The most important findings in this research were that (a) the majority of coaches (84%) provided strength and conditioning opportunities for their athletes and they are using somewhat typical activities for their programs; (b) PE teachers and head coaches conducted most of the programs; (c) of those delivering programs, few are certified, and (d) many gender differences existed in terms of who designed and implemented programs (and how much was known about those individuals), whether or not the programs were provided or required, and how often training was conducted.
It was encouraging that based on our research, the majority of coaches are providing opportunities for high school athletes to participate in strength and conditioning programs. This opportunity for strength and conditioning programs is not surprising because research suggests that strength training has a profound benefit on athletic performance (15). When strength training is combined with other types of activities such as plyometrics, dynamic warm-ups, or speed training, the benefits increase exponentially (3,23,27,29). Therefore, it is positive that the majority of high school athletes in these Southern Idaho districts and sports surveyed are providing strength and conditioning opportunities for their athletes. Unfortunately, there were 5 coaches who did not offer strength and conditioning programs for their athletes. A disproportionate number of coaches of female athletes did not offer these programs compared with their male counterparts. This finding could lead to increased and unnecessary injuries or a failure of athletes to reach their potential, all of which could negatively impact their decision to remain active in sport. The lack of strength and conditioning in female athletes could also be because of some of the perceptions about gender brought to light in the qualitative data presented. To date, there are no national or statewide databases that track information on strength training practices, especially at the high school level. Clearly, this study demonstrates a need to develop surveillance systems that track strength and conditioning practices at the high school level.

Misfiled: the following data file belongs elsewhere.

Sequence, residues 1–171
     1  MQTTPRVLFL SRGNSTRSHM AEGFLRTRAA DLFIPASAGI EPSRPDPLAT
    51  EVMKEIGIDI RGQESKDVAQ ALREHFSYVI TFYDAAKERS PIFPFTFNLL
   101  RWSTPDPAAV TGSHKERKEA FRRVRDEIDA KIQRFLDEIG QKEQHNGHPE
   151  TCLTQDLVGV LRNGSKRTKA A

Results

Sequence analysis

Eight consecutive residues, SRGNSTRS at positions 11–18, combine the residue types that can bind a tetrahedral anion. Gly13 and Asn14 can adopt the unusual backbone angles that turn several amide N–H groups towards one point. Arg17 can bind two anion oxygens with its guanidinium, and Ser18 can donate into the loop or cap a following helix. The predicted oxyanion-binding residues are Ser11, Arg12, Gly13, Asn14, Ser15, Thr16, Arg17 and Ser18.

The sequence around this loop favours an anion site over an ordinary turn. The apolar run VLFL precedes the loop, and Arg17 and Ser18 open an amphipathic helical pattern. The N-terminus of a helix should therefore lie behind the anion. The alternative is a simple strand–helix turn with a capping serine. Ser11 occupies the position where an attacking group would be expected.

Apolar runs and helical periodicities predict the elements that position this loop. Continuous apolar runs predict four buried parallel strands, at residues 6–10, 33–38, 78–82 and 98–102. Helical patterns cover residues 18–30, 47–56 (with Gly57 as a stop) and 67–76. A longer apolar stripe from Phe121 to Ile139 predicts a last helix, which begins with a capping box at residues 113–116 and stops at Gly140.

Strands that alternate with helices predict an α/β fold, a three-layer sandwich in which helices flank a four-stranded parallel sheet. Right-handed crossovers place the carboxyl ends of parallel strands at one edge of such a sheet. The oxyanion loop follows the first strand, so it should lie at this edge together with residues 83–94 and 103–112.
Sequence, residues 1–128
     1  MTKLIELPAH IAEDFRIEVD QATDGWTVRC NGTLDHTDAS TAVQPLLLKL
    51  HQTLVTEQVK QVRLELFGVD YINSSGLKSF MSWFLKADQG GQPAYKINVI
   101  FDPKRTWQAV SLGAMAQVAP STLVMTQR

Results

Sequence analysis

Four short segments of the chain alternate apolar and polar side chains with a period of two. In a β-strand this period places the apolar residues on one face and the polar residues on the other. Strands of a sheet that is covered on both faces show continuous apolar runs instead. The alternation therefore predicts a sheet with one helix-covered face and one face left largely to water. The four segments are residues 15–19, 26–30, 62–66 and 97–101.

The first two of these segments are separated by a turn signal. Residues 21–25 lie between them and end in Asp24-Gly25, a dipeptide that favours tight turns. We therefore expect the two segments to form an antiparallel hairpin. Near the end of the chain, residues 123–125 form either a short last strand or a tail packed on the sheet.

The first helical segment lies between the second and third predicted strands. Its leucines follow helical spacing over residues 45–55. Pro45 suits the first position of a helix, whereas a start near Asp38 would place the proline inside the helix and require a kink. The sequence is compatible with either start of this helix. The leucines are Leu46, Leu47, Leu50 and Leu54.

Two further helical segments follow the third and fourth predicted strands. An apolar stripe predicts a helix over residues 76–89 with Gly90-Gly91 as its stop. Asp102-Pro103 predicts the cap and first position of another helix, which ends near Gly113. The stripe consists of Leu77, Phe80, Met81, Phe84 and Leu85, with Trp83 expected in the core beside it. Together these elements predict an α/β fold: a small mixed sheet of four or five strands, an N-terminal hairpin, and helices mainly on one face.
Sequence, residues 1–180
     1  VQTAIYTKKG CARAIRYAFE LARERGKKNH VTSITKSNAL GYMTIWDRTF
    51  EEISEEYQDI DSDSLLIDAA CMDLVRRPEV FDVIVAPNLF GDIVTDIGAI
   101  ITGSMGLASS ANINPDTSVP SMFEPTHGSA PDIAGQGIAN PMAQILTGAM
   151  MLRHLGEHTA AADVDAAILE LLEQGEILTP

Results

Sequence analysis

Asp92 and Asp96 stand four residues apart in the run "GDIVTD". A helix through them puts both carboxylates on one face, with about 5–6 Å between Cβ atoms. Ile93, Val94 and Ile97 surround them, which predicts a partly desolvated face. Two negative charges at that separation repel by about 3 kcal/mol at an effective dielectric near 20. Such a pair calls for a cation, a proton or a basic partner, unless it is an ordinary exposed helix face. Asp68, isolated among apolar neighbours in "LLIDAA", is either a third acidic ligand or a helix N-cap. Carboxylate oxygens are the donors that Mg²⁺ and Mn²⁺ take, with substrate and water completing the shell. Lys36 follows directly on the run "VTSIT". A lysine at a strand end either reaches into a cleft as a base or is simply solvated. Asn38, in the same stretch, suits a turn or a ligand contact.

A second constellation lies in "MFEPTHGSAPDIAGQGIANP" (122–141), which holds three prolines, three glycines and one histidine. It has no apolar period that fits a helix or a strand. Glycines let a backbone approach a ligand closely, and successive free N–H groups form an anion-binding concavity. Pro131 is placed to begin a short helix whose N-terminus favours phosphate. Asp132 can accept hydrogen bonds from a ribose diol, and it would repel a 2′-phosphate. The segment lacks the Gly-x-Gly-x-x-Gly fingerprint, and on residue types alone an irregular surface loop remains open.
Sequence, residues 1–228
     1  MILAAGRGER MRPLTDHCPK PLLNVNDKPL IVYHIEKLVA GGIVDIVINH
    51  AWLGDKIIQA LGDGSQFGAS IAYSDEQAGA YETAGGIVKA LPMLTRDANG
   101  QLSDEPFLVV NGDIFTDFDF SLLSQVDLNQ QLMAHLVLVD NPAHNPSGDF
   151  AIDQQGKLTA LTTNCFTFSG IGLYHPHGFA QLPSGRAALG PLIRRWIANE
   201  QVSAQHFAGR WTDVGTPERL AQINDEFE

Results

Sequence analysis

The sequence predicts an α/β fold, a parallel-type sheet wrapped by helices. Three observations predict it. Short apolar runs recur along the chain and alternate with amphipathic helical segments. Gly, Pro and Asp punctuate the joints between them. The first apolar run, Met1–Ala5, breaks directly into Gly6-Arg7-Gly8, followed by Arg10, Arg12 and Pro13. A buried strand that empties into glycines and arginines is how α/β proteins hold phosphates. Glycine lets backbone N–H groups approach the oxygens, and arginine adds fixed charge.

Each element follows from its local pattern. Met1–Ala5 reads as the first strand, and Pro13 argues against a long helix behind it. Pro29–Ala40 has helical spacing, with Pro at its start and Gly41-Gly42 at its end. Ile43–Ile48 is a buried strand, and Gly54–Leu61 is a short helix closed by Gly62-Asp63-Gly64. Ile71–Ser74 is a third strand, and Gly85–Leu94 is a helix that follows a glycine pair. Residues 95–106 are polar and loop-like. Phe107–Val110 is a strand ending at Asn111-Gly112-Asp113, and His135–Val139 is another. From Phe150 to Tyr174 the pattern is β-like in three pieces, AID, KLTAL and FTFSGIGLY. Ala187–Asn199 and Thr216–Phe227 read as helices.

Unfortunately, this study was not able to discern whether or not these programs are safe and successful. It was disconcerting that so few providers of strength and conditioning programs at the high schools surveyed were certified and that such a large percentage of coaches of male athletes had degrees in areas outside of PE or exercise science. Although most PE teachers have coursework and experience relative to designing, implementing, and evaluating strength and conditioning programs, coaches have various levels of background and training (5). One coach stated, “As a coach I have to trust that the people hired for the fitness job are educated to train my athletes right.” Another coach added, “All strength training teachers should be certified by a nationally recognized organization.” Because of the constant influx of new conditioning strategies and programs, it is helpful for coaches and teachers to pursue education and certifications in the area of strength and conditioning. This should enable professionals in this area to have a wider array of knowledge that will be beneficial to their athletes. Although studies exist that track the safety and effectiveness of college-level programs, few studies exist that track the safety and effectiveness of programs at the high school level, especially with female athletes.
We reported that individuals who design and implement strength training programs for varsity athletes in the Southern Idaho Conference possess a wide range of education, credentials, and experience. Despite these differences, our findings are in agreement with those of Twist and Hutton (27) who reported that team coaches, not necessarily certified or credentialed professionals, are designing and implementing high school strength training programs.